Inter Church Relations and Ecumenism

Presently, the existence of Eastern Catholic Churches - particularly in the former USSR - and continued Vatican support for them, is considered by some Orthodox, especially in Greece and Russia, to be the greatest impediment to East-West rapprochement. They are accused of having 'betrayed Orthodoxy' in part in order to benefit from privileges available to Catholics.

Ukrainian Greek Catholic Church Officially, the Church has been very committed to ecumenism. Its primate, Myroslav Lubachivsky (d. 2000) wholeheartedly endorsed the Balamand Statement, and his successor, Lubomyr Husar, is a specialist in East-West relations. From 1992 to 1998, the Kievan Church Study Group energetically explored the possibility of 'double communion': restoring communion with the Ukrainian Catholic Church's mother church, Constantinople, without breaking communion with Rome. Though never disbanded, since 1997 the group has been moribund. Within Ukraine, believers generally divide between those committed to reunion primarily out of ethno-national motives, and those still wary of relations with a church that they have come to identify with the USSR. These two approaches are generally mirrored in the West. Consequently, almost all encounters are with those Ukrainian Orthodox Churches not within Moscow's jurisdiction. Of course, the fact that the Ukrainian Greek Catholic Church (UGCC) is viewed by many Orthodox as the greatest stumbling block to East-West rapprochement has not benefited its attempts to find dialogue partners.

Syro-Malabar Church Most Syro-Malabars are very committed to restoring the unity of Indian Christianity, a unity that reigned until the reaction against Portuguese religious oppression in 1653 at Mattancherry (the 'Coonan Cross Oath') where Saint Thomas Christians vowed to reject Jesuit directives, and thus created the Mar Thoma Church. The 'quest for an Indian Church' as it is called, is fervently supported by most Syro-Malabars.

Maronite Catholic Church Among the Syriac Churches of the Middle East, Maronites are frequently considered 'honest brokers' because of the lack of a direct Orthodox counterpart. Bishops Matar of Beirut and Sayyah of Palestine have been particularly active in the Middle Eastern Conference of Churches.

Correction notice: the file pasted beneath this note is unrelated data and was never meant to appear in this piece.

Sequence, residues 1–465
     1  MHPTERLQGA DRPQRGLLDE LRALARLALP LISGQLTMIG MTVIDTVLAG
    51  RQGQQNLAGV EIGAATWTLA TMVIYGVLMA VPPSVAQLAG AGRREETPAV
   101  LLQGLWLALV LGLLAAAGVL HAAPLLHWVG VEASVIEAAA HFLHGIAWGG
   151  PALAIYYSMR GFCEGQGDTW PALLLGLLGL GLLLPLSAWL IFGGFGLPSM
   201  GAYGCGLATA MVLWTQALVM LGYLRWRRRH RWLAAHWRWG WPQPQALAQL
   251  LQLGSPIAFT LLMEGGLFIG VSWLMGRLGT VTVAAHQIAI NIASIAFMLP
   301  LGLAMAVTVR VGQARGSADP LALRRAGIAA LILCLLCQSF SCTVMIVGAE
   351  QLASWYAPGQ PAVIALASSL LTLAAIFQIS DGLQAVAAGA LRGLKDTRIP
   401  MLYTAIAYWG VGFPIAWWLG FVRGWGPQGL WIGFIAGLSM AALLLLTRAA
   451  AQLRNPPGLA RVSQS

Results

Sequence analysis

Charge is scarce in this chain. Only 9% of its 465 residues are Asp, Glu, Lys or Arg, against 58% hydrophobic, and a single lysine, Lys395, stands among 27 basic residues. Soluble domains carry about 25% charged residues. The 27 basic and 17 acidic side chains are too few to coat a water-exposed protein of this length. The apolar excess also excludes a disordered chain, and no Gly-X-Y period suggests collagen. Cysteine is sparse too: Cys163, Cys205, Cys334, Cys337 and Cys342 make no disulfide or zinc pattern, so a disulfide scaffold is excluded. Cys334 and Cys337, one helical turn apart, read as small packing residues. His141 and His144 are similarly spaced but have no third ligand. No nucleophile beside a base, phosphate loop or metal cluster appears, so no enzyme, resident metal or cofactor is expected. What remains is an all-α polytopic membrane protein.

Melkite Greek Catholic Church Melkites and Orthodox have come to develop extremely good relations, in part because of shared difficulties with Islam and the absence of ethno-national issues dividing them. In the Middle East, priests of the two churches occasionally con-celebrate the Eucharist, in spite of canonical prohibitions, and even in the West, the laity regularly receive at each others' altars. Baptisms and weddings are often con-celebrated. In 1975, the Melkite Synod requested permission from the Vatican to inaugurate 'double communion' (with Rome and the Orthodox), but it was denied. An official bilateral dialogue with the Orthodox Patriarchate of Antioch was inaugurated in 1995, and that same year saw the most pioneering event of contemporary East-West ecumenism in the 'Zoghby-Khodr' initiative: Bishop Zoghby signed a declaration stating: 'I believe in everything taught by the Eastern Orthodox Church, and I am in communion with the Bishop of Rome within the limits recognized by the Holy Fathers of the East during the first millennium and before the separation.' Georges Khodr, the influential Orthodox Metropolitan of Byblos and Batroun officially declared: 'I consider this profession of faith by Bishop Elias Zoghby to create the necessary and sufficient conditions to establish the unity of the Orthodox Churches with Rome.' Rome has refused to sanction this initiative.

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